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Andrei Boldyrev, An Interview



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Churyumov, Anton 


Andrei was born in 1936. In 1941 his family was sent to Omskaya oblast', Siberia, where his mother worked in the fields. His father was away serving in the Red Army. Later he joined the family. Andrei and his father worked together in a cattle barn. Andrei remembers Siberia as a place where they worked a lot and always went hungry. Later Andrei became a driller and worked in the oil industry until 1973. He travelled a lot. From 1973 to 1992 he was a plumber. Andrei’s oldest son is 56. Another son is 54. Andrei says that his father, who cured sick people, wanted him also to cure people. Andrei did not want to. Instead he enjoyed his life, drank and smoked with his friends. Then Andrei fell ill and was on the verge of death. He decided to stop drinking and smoking and accepted that he needed to cure sick people. As a folk healer, Andrei contends that he cannot go out to parties nor even pay visits to strangers. He should stay at home, be close to his altar and keep himself pure. He also cannot go to a Buddhist temple, because, as he says, he practices ‘Kalmyk belief’. All Buddhist icons and statues - including Tsagan Aav and various gods of the Ikh Bagud clan - that Andrei keeps on his altar are either inherited from his father or given to him during a special ritual of initiation. In his healing rituals Andrei uses a rosary with 101 beads that was previously used by his father. Andrei specializes in curing sick children and helping women after they give birth. He also purifies cattle barns. He reads prayers in Kalmyk and massages people. On posting days (matsg odr) he does not receive patients, except for emergency cases. Andrei uses a special knife to perform a ritual of cutting jealous tongues and stopping nightmares. For this, he takes white and black threads, coils them and cuts it with the knife. In the interview Andrei also talks about funerary rituals. When a person dies, it is important to perform a special ritual of purification. The face of the deceased should be covered with a white cloth. No objects should be put inside the coffin so that the dead’s trip to the afterlife is without obstacles. It is recommended that the living do not talk about the dead and cover all the mirrors in the house for 3 days. Clothes that belong to the deceased should be burnt. In the first 3 days it is customary to read mantras and not to take away rubbish. Andrei reads such prayers. After 7 days, a sacrificial sheep should be killed. A candle in the house should burn without interruption for 49 days so that the road to the hereafter is lit up for the deceased. After 49 days, all relatives should be invited for a remembrance tea. Andrei says that men who are 49 should perform a ritual to prolong their lives. He laments that today there are so many ‘folk healers’ who are guided not by their wish to help people but to earn money. Andrei himself does not ask for payment from his patients, he only wants to help people. His door is always open to the needy and the sick who come to see him from many places. Andrei also says that healing abilities are inherited though the paternal line and that women should not practice healing. According to Andrei, today children fall ill more often than in the past, because the times are hard now. It is important that folk healers should cure people correctly, otherwise they will be punished by gods themselves. In the end Andrei reads a prayer to open one’s road to success and prosperity.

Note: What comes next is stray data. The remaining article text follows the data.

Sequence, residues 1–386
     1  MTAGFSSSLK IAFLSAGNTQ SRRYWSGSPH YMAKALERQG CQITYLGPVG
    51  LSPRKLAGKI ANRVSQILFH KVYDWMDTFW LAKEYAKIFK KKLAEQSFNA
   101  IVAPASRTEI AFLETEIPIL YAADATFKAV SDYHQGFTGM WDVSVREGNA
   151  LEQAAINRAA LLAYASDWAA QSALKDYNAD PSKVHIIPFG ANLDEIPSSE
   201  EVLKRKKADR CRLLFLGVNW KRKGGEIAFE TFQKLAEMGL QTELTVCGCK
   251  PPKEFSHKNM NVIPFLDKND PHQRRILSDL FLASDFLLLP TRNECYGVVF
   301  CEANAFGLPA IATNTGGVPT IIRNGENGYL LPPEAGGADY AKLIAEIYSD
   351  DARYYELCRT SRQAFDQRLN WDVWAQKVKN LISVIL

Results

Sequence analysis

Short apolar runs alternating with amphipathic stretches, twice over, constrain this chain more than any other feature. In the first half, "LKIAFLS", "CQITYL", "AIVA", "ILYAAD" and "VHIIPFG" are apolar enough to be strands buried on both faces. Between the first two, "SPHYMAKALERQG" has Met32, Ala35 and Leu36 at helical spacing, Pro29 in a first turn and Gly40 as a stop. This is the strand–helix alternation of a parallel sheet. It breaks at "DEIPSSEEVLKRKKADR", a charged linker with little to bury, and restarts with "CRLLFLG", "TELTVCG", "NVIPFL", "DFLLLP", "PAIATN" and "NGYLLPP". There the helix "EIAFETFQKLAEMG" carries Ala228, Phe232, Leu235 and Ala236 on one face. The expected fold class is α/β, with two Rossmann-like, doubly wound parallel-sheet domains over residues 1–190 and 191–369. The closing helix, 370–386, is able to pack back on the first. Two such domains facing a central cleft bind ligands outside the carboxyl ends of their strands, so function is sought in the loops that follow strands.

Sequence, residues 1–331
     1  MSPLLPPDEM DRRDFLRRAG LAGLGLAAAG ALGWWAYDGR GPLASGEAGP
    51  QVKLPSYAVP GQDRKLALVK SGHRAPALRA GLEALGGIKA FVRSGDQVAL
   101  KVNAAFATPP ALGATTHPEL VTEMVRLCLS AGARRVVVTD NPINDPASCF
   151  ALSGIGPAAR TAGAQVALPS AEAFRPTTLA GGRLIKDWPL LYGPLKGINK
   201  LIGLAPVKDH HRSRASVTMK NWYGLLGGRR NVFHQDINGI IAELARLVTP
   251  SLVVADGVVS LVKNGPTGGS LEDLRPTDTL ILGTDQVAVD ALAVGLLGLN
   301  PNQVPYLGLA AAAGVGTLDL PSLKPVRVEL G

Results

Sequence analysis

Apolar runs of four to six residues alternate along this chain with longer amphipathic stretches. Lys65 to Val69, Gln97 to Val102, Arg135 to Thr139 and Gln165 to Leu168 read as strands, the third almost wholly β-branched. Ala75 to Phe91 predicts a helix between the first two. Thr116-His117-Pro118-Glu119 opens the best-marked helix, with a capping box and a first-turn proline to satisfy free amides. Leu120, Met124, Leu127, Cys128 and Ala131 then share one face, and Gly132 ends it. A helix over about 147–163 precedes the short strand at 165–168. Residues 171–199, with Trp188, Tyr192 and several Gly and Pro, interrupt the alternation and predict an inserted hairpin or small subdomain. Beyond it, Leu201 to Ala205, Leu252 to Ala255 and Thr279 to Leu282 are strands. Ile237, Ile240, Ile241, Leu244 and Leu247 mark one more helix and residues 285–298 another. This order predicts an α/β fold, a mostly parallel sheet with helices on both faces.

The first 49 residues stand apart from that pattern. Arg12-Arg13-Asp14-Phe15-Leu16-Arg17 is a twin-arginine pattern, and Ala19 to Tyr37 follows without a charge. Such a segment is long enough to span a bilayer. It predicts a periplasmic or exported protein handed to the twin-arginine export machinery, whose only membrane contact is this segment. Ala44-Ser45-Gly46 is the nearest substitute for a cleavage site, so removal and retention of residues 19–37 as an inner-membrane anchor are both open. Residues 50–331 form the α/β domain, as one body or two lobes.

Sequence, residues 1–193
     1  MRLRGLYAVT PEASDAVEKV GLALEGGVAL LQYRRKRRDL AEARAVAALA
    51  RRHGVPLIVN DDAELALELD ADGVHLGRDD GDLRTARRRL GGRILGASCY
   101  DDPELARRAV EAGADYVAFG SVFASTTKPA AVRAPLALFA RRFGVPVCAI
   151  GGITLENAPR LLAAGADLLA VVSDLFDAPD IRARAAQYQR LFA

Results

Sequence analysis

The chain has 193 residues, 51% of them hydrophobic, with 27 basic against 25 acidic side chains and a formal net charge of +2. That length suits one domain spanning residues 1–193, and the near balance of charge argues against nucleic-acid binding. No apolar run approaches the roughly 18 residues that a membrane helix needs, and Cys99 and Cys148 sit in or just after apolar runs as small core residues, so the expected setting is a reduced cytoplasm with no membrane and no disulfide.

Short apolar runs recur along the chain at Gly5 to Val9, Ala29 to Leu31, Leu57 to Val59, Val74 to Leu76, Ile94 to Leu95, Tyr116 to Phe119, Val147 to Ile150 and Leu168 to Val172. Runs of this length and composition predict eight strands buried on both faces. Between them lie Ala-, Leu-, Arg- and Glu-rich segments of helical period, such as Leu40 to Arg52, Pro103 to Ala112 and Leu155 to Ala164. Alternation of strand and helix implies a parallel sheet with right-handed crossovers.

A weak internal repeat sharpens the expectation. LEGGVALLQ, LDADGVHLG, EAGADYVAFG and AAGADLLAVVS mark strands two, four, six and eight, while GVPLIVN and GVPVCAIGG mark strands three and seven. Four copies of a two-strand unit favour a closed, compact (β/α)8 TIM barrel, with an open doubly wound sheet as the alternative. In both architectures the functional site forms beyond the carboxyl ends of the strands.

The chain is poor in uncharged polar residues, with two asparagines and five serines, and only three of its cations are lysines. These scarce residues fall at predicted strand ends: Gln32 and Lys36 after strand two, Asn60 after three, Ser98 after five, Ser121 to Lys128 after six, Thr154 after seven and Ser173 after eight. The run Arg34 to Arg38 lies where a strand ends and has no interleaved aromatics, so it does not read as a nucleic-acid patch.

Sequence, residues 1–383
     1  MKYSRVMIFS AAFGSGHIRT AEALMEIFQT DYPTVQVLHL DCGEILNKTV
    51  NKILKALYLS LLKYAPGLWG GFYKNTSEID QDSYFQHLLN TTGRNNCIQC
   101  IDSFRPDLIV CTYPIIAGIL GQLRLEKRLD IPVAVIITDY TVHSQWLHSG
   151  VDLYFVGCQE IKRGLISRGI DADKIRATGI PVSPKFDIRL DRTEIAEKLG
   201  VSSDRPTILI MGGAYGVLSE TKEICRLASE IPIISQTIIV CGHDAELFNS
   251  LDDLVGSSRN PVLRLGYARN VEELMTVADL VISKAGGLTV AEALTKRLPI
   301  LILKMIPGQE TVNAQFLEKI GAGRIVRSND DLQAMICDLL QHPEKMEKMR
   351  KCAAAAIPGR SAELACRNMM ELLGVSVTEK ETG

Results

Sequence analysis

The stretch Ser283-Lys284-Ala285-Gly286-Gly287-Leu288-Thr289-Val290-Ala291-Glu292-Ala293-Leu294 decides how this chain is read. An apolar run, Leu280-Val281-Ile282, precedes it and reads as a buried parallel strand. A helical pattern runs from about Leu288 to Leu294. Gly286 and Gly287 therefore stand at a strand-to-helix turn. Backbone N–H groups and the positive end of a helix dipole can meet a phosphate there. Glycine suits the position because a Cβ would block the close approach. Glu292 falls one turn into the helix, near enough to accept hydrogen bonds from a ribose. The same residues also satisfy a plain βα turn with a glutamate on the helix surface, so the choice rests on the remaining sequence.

traditional medicine, healer, ritual, funeral, belief

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Sponsored by Arcadia Fund, a charitable fund of Lisbet Rausing and Peter Baldwin.